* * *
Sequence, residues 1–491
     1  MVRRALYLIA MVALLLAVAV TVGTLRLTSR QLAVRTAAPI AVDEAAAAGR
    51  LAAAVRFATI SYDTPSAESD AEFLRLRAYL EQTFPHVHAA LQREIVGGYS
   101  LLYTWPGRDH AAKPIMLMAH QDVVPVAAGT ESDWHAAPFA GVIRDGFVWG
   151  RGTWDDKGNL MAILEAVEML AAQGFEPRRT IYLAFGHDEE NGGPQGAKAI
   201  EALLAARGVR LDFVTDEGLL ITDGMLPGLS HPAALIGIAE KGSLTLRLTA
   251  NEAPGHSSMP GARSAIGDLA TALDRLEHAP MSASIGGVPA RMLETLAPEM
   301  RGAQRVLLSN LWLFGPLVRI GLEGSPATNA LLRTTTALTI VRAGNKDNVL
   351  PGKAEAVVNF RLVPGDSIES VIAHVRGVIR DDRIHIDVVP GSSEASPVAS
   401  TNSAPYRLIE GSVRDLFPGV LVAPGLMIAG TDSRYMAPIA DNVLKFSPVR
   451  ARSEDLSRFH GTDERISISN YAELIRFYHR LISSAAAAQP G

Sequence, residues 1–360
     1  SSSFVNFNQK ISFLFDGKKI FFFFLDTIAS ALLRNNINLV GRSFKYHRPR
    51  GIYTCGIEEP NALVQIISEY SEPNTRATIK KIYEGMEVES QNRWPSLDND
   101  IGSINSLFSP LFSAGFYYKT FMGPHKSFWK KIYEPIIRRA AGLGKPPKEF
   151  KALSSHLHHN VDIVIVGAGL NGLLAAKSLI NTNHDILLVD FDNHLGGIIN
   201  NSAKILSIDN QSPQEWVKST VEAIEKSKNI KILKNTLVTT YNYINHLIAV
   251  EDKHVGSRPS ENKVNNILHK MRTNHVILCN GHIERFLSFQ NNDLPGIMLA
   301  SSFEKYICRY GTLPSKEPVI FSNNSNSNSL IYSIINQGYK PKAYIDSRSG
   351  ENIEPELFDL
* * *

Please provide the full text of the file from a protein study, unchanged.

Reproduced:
Sequence, residues 1–491
     1  MVRRALYLIA MVALLLAVAV TVGTLRLTSR QLAVRTAAPI AVDEAAAAGR
    51  LAAAVRFATI SYDTPSAESD AEFLRLRAYL EQTFPHVHAA LQREIVGGYS
   101  LLYTWPGRDH AAKPIMLMAH QDVVPVAAGT ESDWHAAPFA GVIRDGFVWG
   151  RGTWDDKGNL MAILEAVEML AAQGFEPRRT IYLAFGHDEE NGGPQGAKAI
   201  EALLAARGVR LDFVTDEGLL ITDGMLPGLS HPAALIGIAE KGSLTLRLTA
   251  NEAPGHSSMP GARSAIGDLA TALDRLEHAP MSASIGGVPA RMLETLAPEM
   301  RGAQRVLLSN LWLFGPLVRI GLEGSPATNA LLRTTTALTI VRAGNKDNVL
   351  PGKAEAVVNF RLVPGDSIES VIAHVRGVIR DDRIHIDVVP GSSEASPVAS
   401  TNSAPYRLIE GSVRDLFPGV LVAPGLMIAG TDSRYMAPIA DNVLKFSPVR
   451  ARSEDLSRFH GTDERISISN YAELIRFYHR LISSAAAAQP G

Sequence, residues 1–360
     1  SSSFVNFNQK ISFLFDGKKI FFFFLDTIAS ALLRNNINLV GRSFKYHRPR
    51  GIYTCGIEEP NALVQIISEY SEPNTRATIK KIYEGMEVES QNRWPSLDND
   101  IGSINSLFSP LFSAGFYYKT FMGPHKSFWK KIYEPIIRRA AGLGKPPKEF
   151  KALSSHLHHN VDIVIVGAGL NGLLAAKSLI NTNHDILLVD FDNHLGGIIN
   201  NSAKILSIDN QSPQEWVKST VEAIEKSKNI KILKNTLVTT YNYINHLIAV
   251  EDKHVGSRPS ENKVNNILHK MRTNHVILCN GHIERFLSFQ NNDLPGIMLA
   301  SSFEKYICRY GTLPSKEPVI FSNNSNSNSL IYSIINQGYK PKAYIDSRSG
   351  ENIEPELFDL